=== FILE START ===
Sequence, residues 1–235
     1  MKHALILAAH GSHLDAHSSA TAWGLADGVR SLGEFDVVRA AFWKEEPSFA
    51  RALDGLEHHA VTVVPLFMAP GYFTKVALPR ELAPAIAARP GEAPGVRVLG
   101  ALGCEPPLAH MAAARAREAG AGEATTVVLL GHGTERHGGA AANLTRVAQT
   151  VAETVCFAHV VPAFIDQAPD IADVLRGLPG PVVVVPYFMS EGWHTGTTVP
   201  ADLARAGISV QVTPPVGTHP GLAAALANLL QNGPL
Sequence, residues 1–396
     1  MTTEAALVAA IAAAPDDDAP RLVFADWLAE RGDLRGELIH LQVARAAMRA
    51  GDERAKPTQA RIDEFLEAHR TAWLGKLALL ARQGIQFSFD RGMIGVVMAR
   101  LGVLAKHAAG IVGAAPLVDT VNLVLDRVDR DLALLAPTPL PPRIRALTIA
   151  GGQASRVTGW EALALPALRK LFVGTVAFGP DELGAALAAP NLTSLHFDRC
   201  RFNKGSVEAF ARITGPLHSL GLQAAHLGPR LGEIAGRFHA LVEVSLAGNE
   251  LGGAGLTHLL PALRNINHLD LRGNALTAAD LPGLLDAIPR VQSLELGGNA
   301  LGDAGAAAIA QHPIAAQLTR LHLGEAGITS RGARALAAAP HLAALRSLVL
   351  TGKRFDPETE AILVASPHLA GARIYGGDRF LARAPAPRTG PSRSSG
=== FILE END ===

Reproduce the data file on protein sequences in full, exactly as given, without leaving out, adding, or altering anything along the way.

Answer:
Sequence, residues 1–235
     1  MKHALILAAH GSHLDAHSSA TAWGLADGVR SLGEFDVVRA AFWKEEPSFA
    51  RALDGLEHHA VTVVPLFMAP GYFTKVALPR ELAPAIAARP GEAPGVRVLG
   101  ALGCEPPLAH MAAARAREAG AGEATTVVLL GHGTERHGGA AANLTRVAQT
   151  VAETVCFAHV VPAFIDQAPD IADVLRGLPG PVVVVPYFMS EGWHTGTTVP
   201  ADLARAGISV QVTPPVGTHP GLAAALANLL QNGPL
Sequence, residues 1–396
     1  MTTEAALVAA IAAAPDDDAP RLVFADWLAE RGDLRGELIH LQVARAAMRA
    51  GDERAKPTQA RIDEFLEAHR TAWLGKLALL ARQGIQFSFD RGMIGVVMAR
   101  LGVLAKHAAG IVGAAPLVDT VNLVLDRVDR DLALLAPTPL PPRIRALTIA
   151  GGQASRVTGW EALALPALRK LFVGTVAFGP DELGAALAAP NLTSLHFDRC
   201  RFNKGSVEAF ARITGPLHSL GLQAAHLGPR LGEIAGRFHA LVEVSLAGNE
   251  LGGAGLTHLL PALRNINHLD LRGNALTAAD LPGLLDAIPR VQSLELGGNA
   301  LGDAGAAAIA QHPIAAQLTR LHLGEAGITS RGARALAAAP HLAALRSLVL
   351  TGKRFDPETE AILVASPHLA GARIYGGDRF LARAPAPRTG PSRSSG